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The significance of the title of this poem lies in the way that it captures and inspires the imagination, allowing the reader to summon up an image of pastoral beauty which stands in direct contrast to "the roadway" and "the pavements grey" referred to in the last stanza. There is a sense too in which the word "Innisfree" suggests freedom and a lack of restrictions, which clearly fits into the theme of the poem as a speaker imagines a location where he can be restored by the power of nature against the corrupting influence of modern materialistic society.
In terms of developing this contrast there is too a significance with the fact that this imagined place of natural beauty is an island in the middle of the lake. It is, therefore, incredibly separate from the world that the speaker is fleeing from, and the fact that it is separated by water seems to emphasise that separation further. The importance of the water is focused on in the final stanza, where the sound of the "lake water lapping" is what the speaker thinks about to keep his heart pure in the middle of the materialistic city where he lives and works:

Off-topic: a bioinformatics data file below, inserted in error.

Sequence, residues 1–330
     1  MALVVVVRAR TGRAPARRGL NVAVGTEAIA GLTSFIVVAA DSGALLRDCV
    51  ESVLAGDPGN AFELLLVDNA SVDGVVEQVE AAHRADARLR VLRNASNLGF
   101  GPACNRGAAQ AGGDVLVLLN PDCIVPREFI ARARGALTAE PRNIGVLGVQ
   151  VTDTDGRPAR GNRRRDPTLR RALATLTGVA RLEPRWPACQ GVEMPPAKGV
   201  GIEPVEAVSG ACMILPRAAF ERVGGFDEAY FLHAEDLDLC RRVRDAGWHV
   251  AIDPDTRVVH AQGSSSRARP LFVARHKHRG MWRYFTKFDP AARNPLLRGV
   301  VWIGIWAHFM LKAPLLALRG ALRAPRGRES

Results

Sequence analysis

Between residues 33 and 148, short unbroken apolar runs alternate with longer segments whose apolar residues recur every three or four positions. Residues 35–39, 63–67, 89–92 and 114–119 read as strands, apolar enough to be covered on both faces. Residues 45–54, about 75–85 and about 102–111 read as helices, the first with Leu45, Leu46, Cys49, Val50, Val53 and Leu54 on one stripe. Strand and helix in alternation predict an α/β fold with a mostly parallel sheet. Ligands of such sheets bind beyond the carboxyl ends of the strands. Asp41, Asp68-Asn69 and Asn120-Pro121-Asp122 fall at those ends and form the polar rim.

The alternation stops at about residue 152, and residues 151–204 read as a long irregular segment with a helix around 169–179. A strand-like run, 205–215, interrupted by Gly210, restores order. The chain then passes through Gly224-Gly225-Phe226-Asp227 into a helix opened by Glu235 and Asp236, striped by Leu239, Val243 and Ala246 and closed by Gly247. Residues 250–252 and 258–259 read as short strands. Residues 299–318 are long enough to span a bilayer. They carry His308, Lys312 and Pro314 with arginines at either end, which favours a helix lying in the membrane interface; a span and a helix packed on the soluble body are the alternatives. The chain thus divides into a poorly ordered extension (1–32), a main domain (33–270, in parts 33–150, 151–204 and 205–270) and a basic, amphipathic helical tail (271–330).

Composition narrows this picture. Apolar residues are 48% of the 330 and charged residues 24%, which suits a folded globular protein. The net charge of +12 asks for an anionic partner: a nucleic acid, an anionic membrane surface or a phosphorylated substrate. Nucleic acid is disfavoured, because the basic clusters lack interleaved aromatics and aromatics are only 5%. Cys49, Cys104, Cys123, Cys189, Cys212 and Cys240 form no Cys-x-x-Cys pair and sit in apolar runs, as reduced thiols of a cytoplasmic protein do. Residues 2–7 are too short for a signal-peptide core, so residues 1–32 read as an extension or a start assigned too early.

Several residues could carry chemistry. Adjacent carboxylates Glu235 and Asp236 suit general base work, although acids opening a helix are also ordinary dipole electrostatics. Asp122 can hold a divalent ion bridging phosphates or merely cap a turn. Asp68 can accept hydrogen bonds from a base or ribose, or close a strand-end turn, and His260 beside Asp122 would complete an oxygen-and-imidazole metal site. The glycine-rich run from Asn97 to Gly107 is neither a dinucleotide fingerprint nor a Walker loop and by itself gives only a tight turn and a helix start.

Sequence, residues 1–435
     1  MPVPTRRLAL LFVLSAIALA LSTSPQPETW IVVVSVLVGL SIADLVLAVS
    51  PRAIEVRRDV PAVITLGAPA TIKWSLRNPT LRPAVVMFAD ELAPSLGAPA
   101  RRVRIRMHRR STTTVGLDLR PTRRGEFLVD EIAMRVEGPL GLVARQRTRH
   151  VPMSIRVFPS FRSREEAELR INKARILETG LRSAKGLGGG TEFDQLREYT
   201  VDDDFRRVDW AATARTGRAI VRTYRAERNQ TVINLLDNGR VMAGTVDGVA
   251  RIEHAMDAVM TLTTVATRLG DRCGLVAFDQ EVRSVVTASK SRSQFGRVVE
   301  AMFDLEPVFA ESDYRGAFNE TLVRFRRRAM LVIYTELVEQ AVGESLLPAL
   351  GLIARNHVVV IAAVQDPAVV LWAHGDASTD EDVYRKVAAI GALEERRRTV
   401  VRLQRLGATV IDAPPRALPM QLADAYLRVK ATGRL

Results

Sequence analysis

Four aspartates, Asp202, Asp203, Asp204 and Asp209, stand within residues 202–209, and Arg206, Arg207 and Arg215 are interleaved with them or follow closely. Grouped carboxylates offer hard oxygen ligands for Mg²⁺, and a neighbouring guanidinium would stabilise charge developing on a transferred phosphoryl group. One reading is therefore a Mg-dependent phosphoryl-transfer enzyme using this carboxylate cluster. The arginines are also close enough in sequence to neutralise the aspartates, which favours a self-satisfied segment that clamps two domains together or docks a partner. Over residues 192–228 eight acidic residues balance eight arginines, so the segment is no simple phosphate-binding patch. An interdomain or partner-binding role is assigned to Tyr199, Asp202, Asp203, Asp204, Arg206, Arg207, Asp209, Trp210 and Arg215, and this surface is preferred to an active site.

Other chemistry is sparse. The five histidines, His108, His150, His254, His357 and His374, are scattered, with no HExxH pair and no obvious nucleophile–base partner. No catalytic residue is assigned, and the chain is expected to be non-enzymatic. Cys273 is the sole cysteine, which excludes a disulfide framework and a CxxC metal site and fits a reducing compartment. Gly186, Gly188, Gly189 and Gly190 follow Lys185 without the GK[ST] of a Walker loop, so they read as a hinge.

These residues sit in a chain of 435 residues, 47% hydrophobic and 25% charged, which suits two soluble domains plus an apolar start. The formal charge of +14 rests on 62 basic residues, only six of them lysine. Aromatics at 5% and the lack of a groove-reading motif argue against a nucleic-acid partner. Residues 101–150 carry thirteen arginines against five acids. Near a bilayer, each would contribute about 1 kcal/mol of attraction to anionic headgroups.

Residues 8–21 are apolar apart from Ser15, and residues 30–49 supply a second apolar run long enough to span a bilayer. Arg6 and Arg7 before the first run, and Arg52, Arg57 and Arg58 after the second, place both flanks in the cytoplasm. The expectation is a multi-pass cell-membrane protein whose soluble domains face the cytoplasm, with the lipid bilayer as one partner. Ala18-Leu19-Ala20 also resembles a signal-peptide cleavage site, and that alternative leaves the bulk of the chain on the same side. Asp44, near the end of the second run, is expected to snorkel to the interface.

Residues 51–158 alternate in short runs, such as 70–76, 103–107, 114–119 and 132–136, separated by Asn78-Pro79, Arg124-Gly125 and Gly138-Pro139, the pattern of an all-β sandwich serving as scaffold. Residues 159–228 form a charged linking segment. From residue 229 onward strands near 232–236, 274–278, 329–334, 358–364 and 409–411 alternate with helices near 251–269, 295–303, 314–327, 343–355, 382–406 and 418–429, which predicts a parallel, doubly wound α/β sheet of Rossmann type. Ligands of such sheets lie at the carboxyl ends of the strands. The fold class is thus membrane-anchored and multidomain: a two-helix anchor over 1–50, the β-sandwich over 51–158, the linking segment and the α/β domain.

I will arise and go now, for always night and day
I hear lake water lapping with low sounds by the shore;
While I stand on the roadway, or on the pavements grey,
I hear it in the deep heart's core.
Note the alliteration in "lake water lapping with low sounds," which also has something of an onomatopoeic effect in creating the sound of the lake water as it laps against the shore. The title is therefore important in creating an image of this place of natural beauty and the antidote that it represents to the city life and materialistic society that the speaker finds so oppressive.
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